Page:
Houghton pointed out that incidents like this homicide often trigger reconsideration in those involved in gangs and he reached out to them, telling them to contact the CFSEU-BC’s gang intervention and exiting section at 604-897-6023 for help.
BACK in 2017, when Gary Kang’s brother, Randeep Kang, was shot and killed, Jang said : “Mr. [Randeep] Kang was known to police and associated to gang activity. Investigators believe Mr. Kang’s murder was targeted and linked to other gang violence in the Lower Mainland.”
The Kangs’ house in Vancouver at Kaslo Street and East 22nd Avenue was shot at just two months before Randeep was killed. At that time, Vancouver Police said: “Investigators believe the incident was not random and that the house was targeted. There were no injuries. No arrests have been made and the investigation continues.” Sources said the Kang family no longer lived there.
And three years before that, in August 2014, multiple shots were fired at the same house. Although they were not named back then, I had reported then that the house was that of one of the alleged chief players in the gang rivalry that was rocking the South Slope area of East Vancouver.
Police sources told me at the time that basically it was a conflict between two groups of South Asian youths, from four different families. There were two main players and each of them had a special friend.
In fact, because of the ongoing threats of violence at the time, Vancouver Police in August 2015 moved special security cameras near the Kangs’ house. Just before that those cameras had been installed in the 1400-block of East 54 to keep a check on their rivals.
In December 2019 IHIT announced that it had arrested 21-year-old Tyrel Hieu Nguyen Quesnelle for his alleged involvement in Randeep Kang’s murder. IHIT said that Quesnelle was also involved in the murder of Jagvir Malhi of Abbotsford, who police said was an unintended victim of what was a shooting targeting another individual, in November 2018.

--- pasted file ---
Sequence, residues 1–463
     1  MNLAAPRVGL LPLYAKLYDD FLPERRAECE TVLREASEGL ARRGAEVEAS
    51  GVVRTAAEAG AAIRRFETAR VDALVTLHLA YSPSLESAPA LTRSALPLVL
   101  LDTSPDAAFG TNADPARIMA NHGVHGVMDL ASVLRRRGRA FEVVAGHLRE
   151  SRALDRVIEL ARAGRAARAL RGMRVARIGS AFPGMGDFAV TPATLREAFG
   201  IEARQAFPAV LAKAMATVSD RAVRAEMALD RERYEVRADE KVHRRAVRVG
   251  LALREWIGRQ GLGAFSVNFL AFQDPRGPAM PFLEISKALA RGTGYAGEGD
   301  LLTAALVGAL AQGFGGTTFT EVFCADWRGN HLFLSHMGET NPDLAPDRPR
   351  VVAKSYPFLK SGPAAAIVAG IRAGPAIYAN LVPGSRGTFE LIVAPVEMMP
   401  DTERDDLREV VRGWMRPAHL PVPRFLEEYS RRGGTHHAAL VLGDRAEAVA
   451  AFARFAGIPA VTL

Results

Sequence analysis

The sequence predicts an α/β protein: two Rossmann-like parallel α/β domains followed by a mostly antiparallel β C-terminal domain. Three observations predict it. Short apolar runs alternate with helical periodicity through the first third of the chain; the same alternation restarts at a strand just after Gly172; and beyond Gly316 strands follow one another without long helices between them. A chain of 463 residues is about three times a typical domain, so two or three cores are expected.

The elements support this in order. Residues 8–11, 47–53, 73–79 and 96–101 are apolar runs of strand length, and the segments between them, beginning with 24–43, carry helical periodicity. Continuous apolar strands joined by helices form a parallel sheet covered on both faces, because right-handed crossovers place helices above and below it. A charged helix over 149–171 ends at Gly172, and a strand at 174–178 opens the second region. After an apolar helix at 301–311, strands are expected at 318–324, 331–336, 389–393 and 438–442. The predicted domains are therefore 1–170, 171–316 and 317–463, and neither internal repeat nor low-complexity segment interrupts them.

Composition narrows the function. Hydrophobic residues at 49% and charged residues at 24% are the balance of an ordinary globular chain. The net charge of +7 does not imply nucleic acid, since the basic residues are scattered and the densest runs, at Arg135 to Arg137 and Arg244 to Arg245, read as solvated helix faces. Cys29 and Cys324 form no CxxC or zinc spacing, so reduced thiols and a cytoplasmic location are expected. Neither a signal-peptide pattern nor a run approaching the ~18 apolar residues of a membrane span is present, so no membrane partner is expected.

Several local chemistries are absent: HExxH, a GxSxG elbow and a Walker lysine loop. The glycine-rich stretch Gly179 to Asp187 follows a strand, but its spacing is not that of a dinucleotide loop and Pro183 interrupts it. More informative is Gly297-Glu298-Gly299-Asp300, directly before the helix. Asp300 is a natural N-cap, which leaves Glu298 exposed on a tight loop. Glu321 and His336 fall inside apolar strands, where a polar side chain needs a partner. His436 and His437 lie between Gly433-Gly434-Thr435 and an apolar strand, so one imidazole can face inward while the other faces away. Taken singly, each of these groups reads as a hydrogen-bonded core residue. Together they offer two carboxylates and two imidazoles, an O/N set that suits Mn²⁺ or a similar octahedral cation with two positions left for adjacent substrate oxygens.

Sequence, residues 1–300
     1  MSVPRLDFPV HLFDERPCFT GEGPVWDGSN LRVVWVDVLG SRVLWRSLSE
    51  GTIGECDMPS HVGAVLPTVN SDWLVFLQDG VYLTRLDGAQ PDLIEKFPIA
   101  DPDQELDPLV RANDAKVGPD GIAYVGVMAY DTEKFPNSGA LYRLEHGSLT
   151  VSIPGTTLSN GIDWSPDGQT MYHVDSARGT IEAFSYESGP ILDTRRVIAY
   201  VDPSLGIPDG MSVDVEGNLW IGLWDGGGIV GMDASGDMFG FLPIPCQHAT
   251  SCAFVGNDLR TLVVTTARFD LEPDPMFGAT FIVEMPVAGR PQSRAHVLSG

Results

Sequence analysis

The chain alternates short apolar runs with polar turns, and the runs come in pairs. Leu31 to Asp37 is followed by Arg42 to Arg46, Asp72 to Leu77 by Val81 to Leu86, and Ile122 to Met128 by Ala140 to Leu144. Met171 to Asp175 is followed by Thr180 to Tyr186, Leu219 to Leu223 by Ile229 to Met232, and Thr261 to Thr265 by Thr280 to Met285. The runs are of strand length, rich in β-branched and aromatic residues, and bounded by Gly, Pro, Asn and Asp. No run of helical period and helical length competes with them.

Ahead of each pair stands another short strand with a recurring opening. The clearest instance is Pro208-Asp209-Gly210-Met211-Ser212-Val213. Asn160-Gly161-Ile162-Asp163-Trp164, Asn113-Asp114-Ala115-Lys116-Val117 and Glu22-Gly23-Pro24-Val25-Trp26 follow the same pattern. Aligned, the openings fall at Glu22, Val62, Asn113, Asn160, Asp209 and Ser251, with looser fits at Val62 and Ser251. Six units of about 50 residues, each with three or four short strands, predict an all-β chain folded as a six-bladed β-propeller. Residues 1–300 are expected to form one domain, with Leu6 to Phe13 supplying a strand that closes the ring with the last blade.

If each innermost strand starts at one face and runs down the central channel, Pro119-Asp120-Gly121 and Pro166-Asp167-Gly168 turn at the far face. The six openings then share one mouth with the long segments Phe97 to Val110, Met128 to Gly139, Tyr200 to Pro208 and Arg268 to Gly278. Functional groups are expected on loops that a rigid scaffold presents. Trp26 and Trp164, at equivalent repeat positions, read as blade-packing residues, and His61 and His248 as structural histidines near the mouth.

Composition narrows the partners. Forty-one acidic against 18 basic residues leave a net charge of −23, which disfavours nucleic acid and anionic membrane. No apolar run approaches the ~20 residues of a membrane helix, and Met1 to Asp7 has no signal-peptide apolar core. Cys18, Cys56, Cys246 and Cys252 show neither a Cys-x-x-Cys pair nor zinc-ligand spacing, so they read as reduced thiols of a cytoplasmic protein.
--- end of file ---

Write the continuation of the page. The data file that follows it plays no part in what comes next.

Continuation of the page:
Police sources at the time told The VOICE the accused is ‘connected to Brothers Keepers’ crime group.
In August 2018, Vancouver Police said that the Kang group is “composed of members of the Kang family, including Sameet Kang, Gary Kang, Randy Kang (deceased), their parents, and other close associates.”
They said: “The Kang Group is closely aligned with the Red Scorpions Gang, specifically with Jamie Bacon and Kyle Latimer. It’s believed they share common interests in drug lines, and that they commit violence at the behest of or for one another.
“The Kang / Latimer Group has been in conflict with multiple groups over the past 18 months and their allegiances remain fluid and ever-changing.”
Project Territory, a joint forces police operation, targeted the Kang / Latimer group. A 17-month investigation initiated in March 2017 resulted in:
* 92 criminal charges against 14 individuals
* seizure of 93 firearms
* seizure of one pressure cooker improvised explosive device
* seizure of 59 prohibited devices
* seizure of more than 9.5 kilograms of fentanyl
* seizure of close to 40 kilograms of other illicit drugs
* seizure of $833,000 cash
* seizure of $800,000 worth of jewelry, and
* seizure of $350,000 worth of collector cars.
The criminal offences included drug trafficking, firearms possession, proceeds of crime, and participation in a criminal organization.
Vancouver Sun reports that Gary Kang pleaded guilty last month in B.C. Supreme Court to several charges in connection to the 2018 Vancouver Police investigation and was awaiting sentencing. Kang was out on bail at the time of his murder, while his brother Sam remains in custody.